Edke v. Belden, Inc.

Filing 33

MEMORANDUM Opinion and Order. Signed by the Honorable Joan B. Gottschall on 7/16/2021. Mailed notice(vcf, )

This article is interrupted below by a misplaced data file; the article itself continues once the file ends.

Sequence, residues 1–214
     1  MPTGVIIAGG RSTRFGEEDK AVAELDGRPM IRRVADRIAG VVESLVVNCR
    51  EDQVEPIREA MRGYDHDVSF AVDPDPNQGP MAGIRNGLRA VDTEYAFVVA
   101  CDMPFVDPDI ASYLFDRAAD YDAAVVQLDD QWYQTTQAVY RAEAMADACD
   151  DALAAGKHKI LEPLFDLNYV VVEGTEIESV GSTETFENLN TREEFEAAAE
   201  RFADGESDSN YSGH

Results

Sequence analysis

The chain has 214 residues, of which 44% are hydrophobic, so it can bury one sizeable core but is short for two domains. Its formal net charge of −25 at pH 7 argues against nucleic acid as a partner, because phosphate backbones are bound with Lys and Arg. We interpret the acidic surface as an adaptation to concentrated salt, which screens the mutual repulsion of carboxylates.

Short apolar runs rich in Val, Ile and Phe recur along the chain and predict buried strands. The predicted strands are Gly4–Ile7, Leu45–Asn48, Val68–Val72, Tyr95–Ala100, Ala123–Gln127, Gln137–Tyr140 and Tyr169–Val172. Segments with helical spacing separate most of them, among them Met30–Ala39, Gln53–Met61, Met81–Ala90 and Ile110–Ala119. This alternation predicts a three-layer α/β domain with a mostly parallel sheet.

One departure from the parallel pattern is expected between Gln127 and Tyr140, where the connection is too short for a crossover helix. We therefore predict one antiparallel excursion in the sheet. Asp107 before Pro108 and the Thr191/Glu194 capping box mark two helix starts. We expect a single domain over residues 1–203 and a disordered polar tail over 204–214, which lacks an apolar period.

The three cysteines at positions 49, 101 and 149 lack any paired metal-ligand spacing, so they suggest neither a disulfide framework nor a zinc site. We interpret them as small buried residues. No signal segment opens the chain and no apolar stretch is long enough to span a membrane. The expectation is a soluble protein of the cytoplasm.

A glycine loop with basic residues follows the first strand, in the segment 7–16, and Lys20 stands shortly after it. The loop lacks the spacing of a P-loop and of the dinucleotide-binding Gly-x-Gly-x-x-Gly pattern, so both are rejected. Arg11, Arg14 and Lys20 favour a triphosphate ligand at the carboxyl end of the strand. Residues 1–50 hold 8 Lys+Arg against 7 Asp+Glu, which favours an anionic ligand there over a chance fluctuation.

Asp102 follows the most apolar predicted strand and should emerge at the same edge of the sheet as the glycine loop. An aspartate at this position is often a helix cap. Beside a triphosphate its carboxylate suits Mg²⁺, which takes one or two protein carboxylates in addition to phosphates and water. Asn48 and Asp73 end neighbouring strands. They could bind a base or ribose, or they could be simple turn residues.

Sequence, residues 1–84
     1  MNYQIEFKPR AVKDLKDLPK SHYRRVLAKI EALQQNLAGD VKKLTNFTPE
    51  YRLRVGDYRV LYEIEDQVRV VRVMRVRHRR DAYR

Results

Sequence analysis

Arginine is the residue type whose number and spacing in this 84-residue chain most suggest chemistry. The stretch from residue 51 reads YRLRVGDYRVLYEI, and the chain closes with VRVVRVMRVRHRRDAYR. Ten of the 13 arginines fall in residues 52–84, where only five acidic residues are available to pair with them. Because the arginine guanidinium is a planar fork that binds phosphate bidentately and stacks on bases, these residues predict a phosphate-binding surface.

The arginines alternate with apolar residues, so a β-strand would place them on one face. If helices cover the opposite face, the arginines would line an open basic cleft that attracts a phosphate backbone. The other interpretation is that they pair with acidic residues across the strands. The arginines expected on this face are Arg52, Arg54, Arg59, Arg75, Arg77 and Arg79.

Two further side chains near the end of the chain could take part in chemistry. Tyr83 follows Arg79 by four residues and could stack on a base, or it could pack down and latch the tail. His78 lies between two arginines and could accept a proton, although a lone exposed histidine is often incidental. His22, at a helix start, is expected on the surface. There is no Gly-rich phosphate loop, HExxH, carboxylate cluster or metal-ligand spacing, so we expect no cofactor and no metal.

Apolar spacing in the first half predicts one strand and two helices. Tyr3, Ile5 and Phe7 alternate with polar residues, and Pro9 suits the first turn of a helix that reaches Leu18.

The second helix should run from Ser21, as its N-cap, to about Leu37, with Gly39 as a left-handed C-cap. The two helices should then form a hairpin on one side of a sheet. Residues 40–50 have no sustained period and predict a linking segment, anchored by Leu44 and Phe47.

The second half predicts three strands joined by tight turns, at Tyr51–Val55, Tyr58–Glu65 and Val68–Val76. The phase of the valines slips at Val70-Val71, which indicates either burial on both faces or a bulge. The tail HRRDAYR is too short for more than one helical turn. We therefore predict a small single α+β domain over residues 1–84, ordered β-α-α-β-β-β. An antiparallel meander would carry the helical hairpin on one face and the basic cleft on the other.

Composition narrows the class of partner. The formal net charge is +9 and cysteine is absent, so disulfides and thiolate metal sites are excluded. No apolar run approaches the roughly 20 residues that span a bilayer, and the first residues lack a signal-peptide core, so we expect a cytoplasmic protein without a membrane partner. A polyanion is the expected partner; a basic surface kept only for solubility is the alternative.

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IN THE UNITED STATES DISTRICT COURT FOR THE NORTHERN DISTRICT OF ILLINOIS EASTERN DIVISION Anand Edke, ) ) ) ) ) ) ) ) ) Plaintiff, v. Belden Inc., Defendant. Case No. 21-CV-0813 Judge Joan B. Gottschall MEMORANDUM OPINION AND ORDER This is one of two proposed national class actions stemming from a breach of defendant Belden Inc.’s (“Belden”) computer network (the “data breach”). Beginning in late November 2020, Belden began notifying current and former employees, their dependents, and their beneficiaries that unknown third parties gained unauthorized access to files containing their personally identifiable information, such as names, birth dates, and social security numbers. See Compl. ¶¶ 3–6, 26–28, ECF No. 1-1. Belden moves the court to dismiss this case on several grounds and alternatively to transfer the case to the Eastern District of Missouri, where its headquarters are located and where the other proposed class action is pending. See ECF No. 17. For the reasons that follow, the court transfers this case to the Eastern District of Missouri in the interest of justice. See 28 U.S.C. § 1404(a). I. Background A. This Litigation (The Edke Action) Former Belden employee and plaintiff, Anand Edke (“Edke”), filed this class action complaint against Belden in the Circuit Court of Cook County, Illinois, on January 6, 2021, alleging claims of negligence, negligence per se, unjust enrichment, breach of implied contract, and violation of the Illinois Personal Information Protection Act, 815 Ill. Comp. Stat. §§ 530/1 et seq. Edke worked for Belden in Illinois from 2007–11. Compl. ¶ 13. He has lived in Schaumburg, Illinois, a Chicago suburb, at all relevant times. See id. ¶ 12. Edke seeks to represent a nationwide class of individuals whose personally identifiable information was compromised in the data breach as well as a subclass of Illinois residents. Compl. ¶¶ 66–67. Belden removed Edke’s complaint to this court based on the federal diversity jurisdiction statute, 28 U.S.C. § 1332(a), and then filed its pending motion to dismiss Edke’s complaint or, alternatively, to transfer this case to the district where Belden’s St. Louis headquarters is located. See Notice of Removal ¶¶ 9–18, ECF No. 1; Mot. to Dismiss, ECF No. 17. After reviewing the briefing on the motion to dismiss, this court ordered the parties to brief two subject matter jurisdiction questions : (1) whether Edke has Article III standing and (2) whether Edke’s individual claim satisfies the $75,000 amount in controversy requirement for diversity jurisdiction. Order entered April 12, 2021, at 2, ECF No. 27. The court also sought the parties’ views on the order in which the court should decide the pending subject matter jurisdiction, personal jurisdiction, venue, and merits questions. Id. at 3. B. The Mackey Action Kia Mackey (“Mackey”) filed the other potential class action arising out of the Belden data breach (“Mackey action”). Mackey v. Belden, Inc., No. 4:21-cv-149-JAR (E.D. Mo.). Mackey filed her complaint on February 4, 2021, about a month after Edke filed his complaint in Illinois state court. Mackey, ECF No. 1. Mackey subsequently amended her complaint, ECF No. 16. Mackey brings eight claims under Missouri and Indiana law. Like Edke, Mackey seeks to represent a national class of current and former employees, as well as their dependents and beneficiaries, impacted by the data breach. See id. ¶¶ 67–76. Belden filed a motion to dismiss Mackey’s amended complaint. Many of Belden’s arguments for dismissing Mackey’s complaint overlap with Belden’s arguments in support of its 2 motion to dismiss Edke’s complaint. See Mot. to Dismiss 1, Mackey, ECF No. 18 (E.D. Mo. Mar. 26, 2021). As in this case, Belden’s motion to dismiss Mackey’s complaint has been fully briefed. II. Sequence of Issues A court that lacks jurisdiction lacks power to decide the merits. See Ruhrgas AG v. Marathon Oil Co., 526 U.S. 574, 584 (1999) (personal jurisdiction); Leguizamo-Medina v. Gonzales, 493 F.3d 772, 774 (7th Cir. 2007) (citing Steel Co. v. Citizens for a Better Env’t, 523 U.S. 83 (1998)) (subject matter jurisdiction). Thus, as the parties agree, subject matter and personal jurisdiction questions must come before the merits question of whether the complaint states a claim. Federal courts customarily decide subject matter jurisdiction before personal jurisdiction, “but there are circumstances in which a district court appropriately accords priority to a personal jurisdiction inquiry.” Ruhrgas AG, 526 U.S. at 578, 584–85. The parties disagree about whether venue should come before or after subject matter and personal jurisdiction. Edke argues that the jurisdictional questions should precede venue, citing Leroy v. Great Western United Corp., 443 U.S. 173 (1979). ECF No. 28 at 2–3. In Leroy, the Supreme Court stated that the “question of personal jurisdiction, which goes to the court's power to exercise control over the parties, is typically decided in advance of venue, which is primarily a matter of choosing a convenient forum.” 443 U.S. at 180 (citation omitted). However, the Court in Leroy held that the typical order can be inverted: “[W]e conclude that a court may reverse the normal order of considering personal jurisdiction and venue” where a “sound prudential justification” exists for doing so. Ibid. In Leroy, avoiding an unnecessary decision on a novel constitutional question concerning personal jurisdiction justified reaching venue first because it was “clear that venue was improper.” Id. at 181. Consistent with this authority, the Seventh Circuit has held that a district court “is not required to determine its own 3 subject-matter jurisdiction before ordering the case transferred” to a different venue under § 1404(a). In re LimitNone, LLC, 551 F.3d 572, 575–76 (7th Cir. 2008) (per curiam); see, e.g., Kuvedina, LLC v. Pai, 2011 WL 5403717, at *6 (N.D. Ill. Nov. 8, 2011). As indicated in this court’s briefing order, the law of Article III standing in data breach cases has evolved rapidly over the past decade, making this a relatively “complex area of standing law.” ECF No. 27 at 2 (citations omitted). Relative legal complexity and novelty of a legal issue do not necessarily counsel against reaching subject matter jurisdiction first, however. “The relative ease of determining venue before subject-matter jurisdiction is an issue of judicial economy.” In re LimitNone, 551 F.3d at 576. After weighing judicial economy, this court reaches venue first for three reasons. First, the standing question–whether Edke has alleged injury in fact satisfying Article III’s case or controversy requirement–has implications for members of the proposed classes in this case and in Mackey. This court and the proposed transferee court, like every federal court, must apply the same Article III standing principles. See Steel Co., 523 U.S. at 89– 90. If transfer is appropriate, judicial economy favors leaving the standing question for the transferee court. See Kuvedina, 2011 WL 5403717, at *6. Second, Belden concedes that the transferee court has personal jurisdiction over it. See Mem. Supp. Mot. to Dismiss 8–9, ECF No. 18. So if transfer is appropriate, Belden’s challenge to personal jurisdiction in Illinois will fall out of the case. See Leroy, 443 U.S. at 181. Third, the venue issue is relatively clear and straightforward. Ibid. III. Change of Venue Analysis The change of venue statute provides: “For the convenience of parties and witnesses, in the interest of justice, a district court may transfer any civil action to any other district or division where it might have been brought or to any district or division to which all parties have 4 consented.” 28 U.S.C. § 1404(a). The party seeking transfer bears the burden of showing that the proposed transferee forum is “clearly more convenient.” Coffey v. Van Dorn Iron Works, 796 F.2d 217, 219–20 (7th Cir. 1986) (citing C.F.T.C. v. Savage, 611 F.2d 270, 279 (9th Cir. 1979)) (other citations omitted). The court balances several public- and private-interest factors when deciding whether a transfer is appropriate. See Atl. Marine Const. Co. v. U.S. Dist. Ct. for W. Dist. of Tex., 571 U.S. 49, 62 n.6 (2013); In re Ryze Claims Sols., LLC, 968 F.3d 701, 707 (7th Cir. 2020). When balancing these factors, the court engages in a “flexible and individualized analysis” and “look[s] beyond a narrow or rigid set of considerations.” In re Ryze Claims Sols., 968 F.3d at 708 (citing Rsch. Automation, Inc. v. Schrader-Bridgeport Int'l, Inc., 626 F.3d 973, 978 (7th Cir. 2010)). A. Convenience Factors These appear to be completely parallel national class actions, so it can be assumed that they will both be handled by the same court, whichever court that is. Belden argues that the only factual connection between this case and Illinois is that Edke resides in Illinois. See Compl. ¶ 13. Thus, continues Belden, the Eastern District of Missouri will be more convenient for parties and witnesses because corporate decisions, presumably made at Belden’s St. Louis headquarters, concerning the handling and protection of employee-related data, will be primarily at issue. See Mem. Supp. Mot. to Dismiss 13. Edke responds, among other arguments, that an Illinois forum is more convenient for him, and his choice of forum should receive substantial deference, particularly because he filed this case before the Mackey action was filed. Resp. Opp’n 10–15, ECF No. 22. As the Seventh Circuit has explained, “When plaintiff and defendant are in different states there is no choice of forum that will avoid imposing inconvenience” on either the plaintiff or the defendant. In re Nat'l Presto Indus., Inc., 347 F.3d 662, 665 (7th Cir. 2003) (citing 5 Wyndham Assocs. v. Bintliff, 398 F.2d 614, 620–21 (2d Cir. 1968)). The plaintiff’s choice of forum therefore acts as a tie-breaker “when the inconvenience of the alternative venues is comparable.” In re Nat'l Presto Indus., 347 F.3d at 665; see also Rsch. Automation, 626 F.3d at 979 & n.2 (noting that any evidence of bad faith or forum shopping is also relevant). “But where, as here, the case involves two identical suits in distinct venues, this factor [(the plaintiff’s choice of forum)] loses its significance entirely: each case has a plaintiff, and one of them will necessarily be disturbed.” Rsch. Automation, 626 F.3d at 979. Edke’s choice of an Illinois forum therefore receives no deference because there is no way to avoid inconveniencing one of the two plaintiffs suing Belden over the data breach. See id. Nor does the order in which the two cases were filed significantly favor either forum. In Research Automation, the Seventh Circuit considered and rejected an “an inflexible [first-filed] rule” for parallel litigation. 626 F.3d at 980–82. Instead, the order in which the two pending class actions were filed is considered “as part of the section 1404(a) transfer analysis,” but the order of filing “weigh[s] no more heavily . . . than the plaintiff’s choice of forum.” Rsch. Automation, 626 F.3d at 982. As explained in the previous paragraph, Edke’s choice of forum “loses its significance entirely” here, so the order of filing does as well. See id. at 979, 982. Furthermore, giving the order of filing controlling weight risks “encourag[ing] an unseemly race to the courthouse.” Id. at 980–81 (citation omitted). The touchstone of the § 1404(a) analysis is the statutory requirements—the parties’ convenience and the interest of justice. In re Ryze Claims Sols., 968 F.3d at 707–08 (citing Atl. Marine, 571 U.S. at 62 & n.6). As far as this limited record shows, deferring to the order of filing here would reward the arbitrary winner of a race to the courthouse. Both cases were filed within a month of each other and within four months of the data breach’s disclosure. No discovery has been taken in either 6 case. And in each case, the parties are awaiting a decision on a fully briefed motion to dismiss. Hence the fact that Edke filed first does not make this court appreciably more convenient for the parties to either case. See Rsch. Automation, 626 F.3d at 980–82. For all of these reasons, the plaintiff’s choice of forum and the order of filing do not significantly favor either forum. Other convenience (also called private interest) factors courts typically consider include: (1) the availability of and access to witnesses in the two forums; (2) each party’s access to witnesses and distance from resources in each forum; and (3) the location of material events and the parties’ relative ease of access to sources of proof. Id. at 978 (citations omitted). Belden does little more than assert that its headquarters are located in the transferee forum to show that these factors favor transfer. See Mem. Supp. Mot. to Dismiss 12–13. The court gleans the following factual information from the limited record: • Belden moved its headquarters from Illinois to St. Louis nearly twenty years ago, in or around 2003. Compl. ¶ 23. • Belden continued to hire employees who did all of their work in Cook County, Illinois, including Edke. See Compl. ¶ 24. How many employees is not stated. See id. • Edke worked for Belden between 2007 and 2011. Compl. ¶ 13. • Belden detected the data breach on or about November 2020. Compl. ¶ 3. • Edke alleges that he, and presumably at least some members of the proposed class who reside in Illinois, were injured in Illinois. Resp. Opp’n 8. The record contains no information on the geographic distribution of members of the proposed national class in this case or in Mackey. This court cannot determine how many class members and likely witnesses are within the subpoena ranges of this court and the proposed 7 transferee court, which is a relevant consideration when weighing the convenience to the parties. Edke would certainly be inconvenienced by travelling from the Chicago area to the Eastern District of Missouri for a deposition and court hearings. However, Belden offers to depose him in Illinois, Mem. Supp. Mot. to Dismiss 13, which somewhat lightens the burden to him of transfer. The court cannot assume that the district where Belden’s headquarters is located is automatically more convenient for complex class action litigation. In recent years, courts have increasingly recognized that “[w]here records are actually stored is less of a factor because documents now are easily scanned, stored, and electronically transmitted and moving them no longer creates the onerous burden it may once have imposed.” Hirst, 405 F. Supp. 3d at 778 (quoting Camarena v. Vanderbilt Mortg. & Fin., Inc., 2015 WL 4036258, at *3 (N.D. Ill. July 1, 2015)). Belden offers no reason to think that discoverable documents cannot efficiently be produced electronically, regardless of whether this suit is litigated in Chicago or St. Louis. The party seeking a venue transfer bears the burden to “clearly specify the key witnesses to be called and make at least a generalized statement of what their testimony would . . . include[ ].” Heller Fin., Inc. v. Midwhey Powder Co., Inc., 883 F.2d 1286, 1293 (7th Cir. 1989). Belden is not a small company with a single geographic locus, making it unreasonable to presume that sources of proof are concentrated near Belden’s headquarters. Cf. In re Nat’l Presto Indus., 347 F.3d at 664. Edke identifies several sources of proof that might not be found near Belden’s headquarters in his response to the pending motion: servers (computers), information technology personnel, and vendors. Resp. Opp’n 12. Belden neither disputes the importance of these potential sources of proof nor specifies where they are likely located. See Reply 4–7, ECF No. 23. This is insufficient to carry Belden’s burden to show clearly that the witnesses’ 8 convenience or access to sources of proof favors transfer. See, e.g., Hirst v. SkyWest, Inc., 405 F. Supp. 3d 771, 778 (N.D. Ill. 2019). For these reasons, and in the absence of any clear showing from Belden, the private interest factors do not favor transfer to any significant degree. B. Interest of Justice Belden focuses primarily on the interest of justice factors. “The ‘interest of justice’ is a separate component of a § 1404(a) transfer analysis and may be determinative in a particular case, even if the convenience of the parties and witnesses might call for a different result.” Coffey, 726 F.2d at 220 (internal citations omitted); accord Rsch. Automation, 626 F.3d at 978; see also Heller Fin., 883 F.2d at 1293. The interest of justice factors include “ ‘docket congestion and likely speed to trial in the transferor and potential transferee forums,’ ‘each court's relative familiarity with the relevant law,’ ‘the respective desirability of resolving controversies in each locale,’ and ‘the relationship of each community to the controversy.’ ” In re Ryze Claims Sols., 968 F.3d at 708 (quoting Rsch. Automation, 626 F.3d at 978). Belden stresses the increased efficiency of transferring these two, very similar proposed national class actions to a single court. The interest of justice analysis “relates to the efficient administration of the court system.” Rsch. Automation, 626 F.3d at 978 (citing Van Dusen v. Barrack, 376 U.S. 612, 626–27 (1964)). Substantial efficiency gains can often be realized by transferring parallel, or nearly so, class actions to one district. See generally Van Dusen, 376 U.S. at 644–45 (discussing the “full benefits of consolidation uniformity of result” when two similar cases are transferred to a district); Tri-State Water Treatment, Inc. v. Bauer, 845 F.3d 350, 355–56 (7th Cir. 2017) (describing “inefficient splintering” of cases into parallel class actions as “the worst of both worlds”). Once parallel, or substantially similar, class actions are transferred to one district, they can be consolidated or coordinated. The parties and respective courts no longer need to worry about the possibility of inconsistent rulings on legal issues and discovery, 9 and only one trial judge must be immersed in the pertinent facts and law. See Rosen v. Spirit Airlines, Inc., 152 F. Supp. 3d 1055, 1064 (N.D. Ill. 2015) (discussing these and other advantages of coordinating parallel class actions in a single district); see also Galvan v. Mnuchin, 2020 WL 8259110, at *3 (N.D. Ill. Oct. 15, 2020) (collecting authority and discussing the undesirability of dueling parallel class actions). The efficiencies to be gained by transferring the Edke and Mackey actions to a single forum “together weighs heavily in favor of transfer.” Rosen, 152 F. Supp. 3d at 1065. The question remains, however: which forum? Belden offers just one reason to prefer the Eastern District of Missouri: concerns regarding relative docket congestion. Belden submits a report from the Administrative Office of the United States Courts (“AO”) on the median time to trial of civil cases in the federal district courts. ECF No. 18 Ex. B. The report shows that for the period ending September 30, 2019, the Eastern District of Missouri’s median time to trial was 34.2 months while this district’s median was 36.7 months.1 Id. Edke counters with citations to cases giving little weight to median time to trial statistics because they shed little light on the likely speed with which any particular case will be resolved. See, e.g., Lang v. Neogenomics Labs., Inc., 2012 WL 588963, at *2 (N.D. Ill. Feb. 22, 2012). This court shares some of the concerns expressed in the cases cited by Edke about reading too much into statistics. On the other hand, the concept of docket congestion invites a certain amount of generalization based on how “backed up” each court is. Cf. Gulf Oil Corp. v. Gilbert, 330 U.S. 501, 508 (1947). (“Administrative difficulties follow for courts when litigation is piled up in ———————————————————— 1 The AO report for the period ending September 30, 2020, does not contain median time to trial data for the Eastern District of Missouri. ECF No. 18 Ex. B. The report shows that this district’s median time to trial for the period ending September 30, 2020, was 39.3 months. Id. 10 congested centers instead of being handled at its origin”). This court does not find statistics on median time to trial particularly helpful here, however, because the COVID-19 pandemic has disrupted hearing calendars around the country. See, e.g., N.D. Ill. Gen. Order. No. 20-0012 and amendments thereto. Courts commonly use at least two other statistical indicators of docket congestion. See Campbell v. Campbell, 262 F. Supp. 3d 701, 711–12 (N.D. Ill. 2017) (discussing differing approaches courts take to assessing docket congestion). Some courts compare the median number of months from a case’s filing to disposition. They reason that this statistic better captures relative docket congestion because comparatively few civil cases are resolved by trial.2 See, e.g., AL & PO Corp. v. Am. Healthcare Cap., Inc., 2015 WL 738694, at *5 (N.D. Ill. Feb. 19, 2015). Still other courts compare weighted filings per judge in the two forums along with the percentage of pending civil cases more than three years old in each district. See, e.g., Zalutsky, Pinski & DiGiacomo, Ltd. v. Kleinman, 747 F. Supp. 457, 463–64 (N.D. Ill. 1990); Letter-Rite, Inc. v. Computer Talk, Inc., 605 F. Supp. 717, 722 (N.D. Ill. 1985). The AO’s most recent data on these measures of congestion paint a somewhat mixed picture. The Eastern District of Missouri received 478 weighted filings per authorized judgeship in 2020 while this court received 415.3 ———————————————————— 2. Of the 243,445 civil cases closed by the federal district courts in the one-year period ending March 31, 2020, 1,773 (0.73%) were resolved by a trial. Table C-5: U.S. District Courts—Median Time From Filing to Disposition of Civil Cases, by Action Taken—During the 12-Month Period Ending Mar. 31, 2020, Federal Judicial Caseload Statistics, https://www.uscourts.gov/statistics/table/c-5/federal-judicial-caseload-statistics/2020/03/31 (last visited July 13, 2021). 3. Table X-1A: U.S. District Courts—Weighted and Unweighted Filings per Authorized Judgeship— During the 12-Month Periods Ending September 30, 2019 and 2020, Judicial Business, https://www.uscourts.gov/statistics/table/x-1a/judicial-business/2020/09/30 (last visited July 13, 2021). 11 On the other hand, about half the cases in the Eastern District of Missouri were civil, rather than criminal, cases while three-quarters of the weighted filings in this court were civil.4 The result appears to be significantly greater congestion on the civil side of this court’s docket relative to the proposed transferee court. AO data for the period ending September 30, 2020, show the median time to resolution of a civil case in the transferee court to be 5.5 months; the figure is nearly twice as large for this court, 10.6 months. ECF No. 18 Ex. B. And 32.7% of this court’s active civil cases have been pending for more than three years compared to just 4.1% of the Eastern District of Missouri’s civil cases. Id. Although this court has some misgivings about placing undue weight on these figures, the foregoing statistics—particularly the numbers of longpending civil cases and the median times to civil case closure—are pronounced enough to persuade this court that the docket congestion factor favors transfer. See Genocide Victims of Krajina v. L-3 Servs., Inc., 804 F. Supp. 2d 814, 826 (N.D. Ill. 2011) (considering size of differences in mean time to disposition when deciding whether docket congestion favored transfer). The parties address one additional interest of justice factor: familiarity with governing law. Edke contends that this court’s greater familiarity with the Illinois Personal Information Protection Act counsels against transfer. Resp. Opp’n 14, ECF No. 22. But both this court and the transferee court are likely to grapple with out-of-forum law and complex choice of law issues in these proposed national class actions. Mackey brings claims under Missouri and Indiana law, for instance. Neither this court nor the transferee court appears to have any significantly greater familiarity with the law governing those claims. This factor does not favor either forum. “Facing unfamiliar state law claims is business as usual in the federal courts and warrants little, ———————————————————— 4. Ibid. 12 if any, weight in assessing whether the interest of justice favors the transfer of a case to another district.” Hirst, supra, 405 F. Supp. 3d at 779–80. Weighed in their totality, the interest of justice factors favor the Eastern District of Missouri. In short, transfer will very likely realize significant savings of time and resources by facilitating the efficient, coordinated management of two overlapping proposed national class actions in a forum with significantly less civil docket congestion. IV. Conclusion For the reasons discussed, most of the convenience factors are neutral. The interest of justice factors, including the obvious efficiencies of treating these parallel cases in one court, favor transfer. Indeed, transfer will immediately eliminate the need to address personal jurisdiction in Illinois. Accordingly, Belden’s motion under 28 U.S.C. § 1404(a) to transfer this case to the United States District Court for the Eastern District of Missouri is granted. Belden’s motion to dismiss for lack of personal jurisdiction is denied as moot. The remainder of Belden’s motion to dismiss, ECF No. 17, is left for the transferee court. Dated: July 16, 2021 /s/ Joan B. Gottschall United States District Judge 13